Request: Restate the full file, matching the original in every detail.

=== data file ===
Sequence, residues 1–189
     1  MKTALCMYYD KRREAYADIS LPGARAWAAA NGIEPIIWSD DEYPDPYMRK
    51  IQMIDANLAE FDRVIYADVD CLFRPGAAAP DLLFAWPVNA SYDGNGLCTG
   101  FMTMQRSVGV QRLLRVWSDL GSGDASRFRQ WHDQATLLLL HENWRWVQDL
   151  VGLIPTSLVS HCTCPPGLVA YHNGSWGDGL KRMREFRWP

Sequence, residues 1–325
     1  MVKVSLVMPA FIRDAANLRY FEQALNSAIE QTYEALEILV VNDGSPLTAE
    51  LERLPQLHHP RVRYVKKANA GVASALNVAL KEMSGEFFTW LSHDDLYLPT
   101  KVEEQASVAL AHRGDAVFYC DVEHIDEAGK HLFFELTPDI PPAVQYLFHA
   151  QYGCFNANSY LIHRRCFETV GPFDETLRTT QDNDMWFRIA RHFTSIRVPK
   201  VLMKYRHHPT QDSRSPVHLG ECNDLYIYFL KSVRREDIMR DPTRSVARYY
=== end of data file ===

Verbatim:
Sequence, residues 1–189
     1  MKTALCMYYD KRREAYADIS LPGARAWAAA NGIEPIIWSD DEYPDPYMRK
    51  IQMIDANLAE FDRVIYADVD CLFRPGAAAP DLLFAWPVNA SYDGNGLCTG
   101  FMTMQRSVGV QRLLRVWSDL GSGDASRFRQ WHDQATLLLL HENWRWVQDL
   151  VGLIPTSLVS HCTCPPGLVA YHNGSWGDGL KRMREFRWP

Sequence, residues 1–325
     1  MVKVSLVMPA FIRDAANLRY FEQALNSAIE QTYEALEILV VNDGSPLTAE
    51  LERLPQLHHP RVRYVKKANA GVASALNVAL KEMSGEFFTW LSHDDLYLPT
   101  KVEEQASVAL AHRGDAVFYC DVEHIDEAGK HLFFELTPDI PPAVQYLFHA
   151  QYGCFNANSY LIHRRCFETV GPFDETLRTT QDNDMWFRIA RHFTSIRVPK
   201  VLMKYRHHPT QDSRSPVHLG ECNDLYIYFL KSVRREDIMR DPTRSVARYY